We have seen in recent years how Intel has been losing market share compared to AMD Zen architecture processors. AMD’s modular processors have prevailed, forcing Intel to make important changes in strategy. Bob Swan, Intel CEO, during the Credit Suisse global conference, indicated that the company is confident about regaining market share of processors thanks to the Tiger Lake.
The main problem that has weighed down Intel is not being able to make the leap to 10nm lithography, forcing to keep the 14nm lithography. Furthermore, in recent years we have seen significant shortage problems. Intel’s Core and Xeon processors have had problems, but they have been a priority for the company, most notably the lack of stock in Celeron and Pentium processors.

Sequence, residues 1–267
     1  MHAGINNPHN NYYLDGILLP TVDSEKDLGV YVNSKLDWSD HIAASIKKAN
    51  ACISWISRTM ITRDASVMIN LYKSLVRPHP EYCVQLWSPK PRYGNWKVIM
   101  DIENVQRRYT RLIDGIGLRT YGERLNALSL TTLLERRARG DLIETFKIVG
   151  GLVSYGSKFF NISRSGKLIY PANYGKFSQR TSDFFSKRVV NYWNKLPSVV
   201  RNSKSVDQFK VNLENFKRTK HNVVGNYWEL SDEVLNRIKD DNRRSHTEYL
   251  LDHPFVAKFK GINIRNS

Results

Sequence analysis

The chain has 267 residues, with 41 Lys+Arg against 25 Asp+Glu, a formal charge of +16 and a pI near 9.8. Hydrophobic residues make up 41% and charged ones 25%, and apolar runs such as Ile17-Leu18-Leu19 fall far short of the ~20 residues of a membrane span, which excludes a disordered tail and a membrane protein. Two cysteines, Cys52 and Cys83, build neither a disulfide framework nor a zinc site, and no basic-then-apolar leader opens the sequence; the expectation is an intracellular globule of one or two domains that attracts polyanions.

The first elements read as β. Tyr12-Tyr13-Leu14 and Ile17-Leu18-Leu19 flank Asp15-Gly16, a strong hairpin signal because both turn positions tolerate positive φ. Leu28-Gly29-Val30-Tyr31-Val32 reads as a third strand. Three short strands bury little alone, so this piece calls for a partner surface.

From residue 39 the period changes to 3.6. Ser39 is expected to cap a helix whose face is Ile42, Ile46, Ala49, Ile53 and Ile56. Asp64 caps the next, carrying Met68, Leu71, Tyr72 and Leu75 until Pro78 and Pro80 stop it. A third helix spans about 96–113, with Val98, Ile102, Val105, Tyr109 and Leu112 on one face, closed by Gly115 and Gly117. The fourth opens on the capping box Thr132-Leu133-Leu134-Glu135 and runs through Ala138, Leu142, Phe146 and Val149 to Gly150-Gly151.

Intel hopes to regain market share with Tiger Lake
Intel’s processor shortage is no secret. The Comet Lake-S (10th Generation) without going any further, went weeks without stock after its launch. HP and Lenovo have repeatedly complained about processor shortages. Even Apple has indicated that they want to stop depending on Intel in terms of processors due to their lack of stock and their vulnerabilities.
While in 14nm lithography it seems that there is no longer a shortage of problems, there could be shortage problems for 10nm processors. According to Swan, the demand for Tiger Lake processors is being greater than anticipated. He has indicated that the demand is 30% higher than the company’s initial forecast for spring. Intel faces the problem of not being able to produce chips at the rate they are demanded, although they are working intensively in the manufacture of 10nm processors.
In addition, it is confident of increasing market share during the first quarter of 2021 thanks to the Tiger Lake-H for gaming laptops. Rocket Lake-S processors are expected to be launched in the first quarter of 2021. These latest processors will arrive in good time, as AMD faces major stock shortages. AMD, for its part, faces the problem that TSMC cannot cope with producing all AMD chips in 7nm.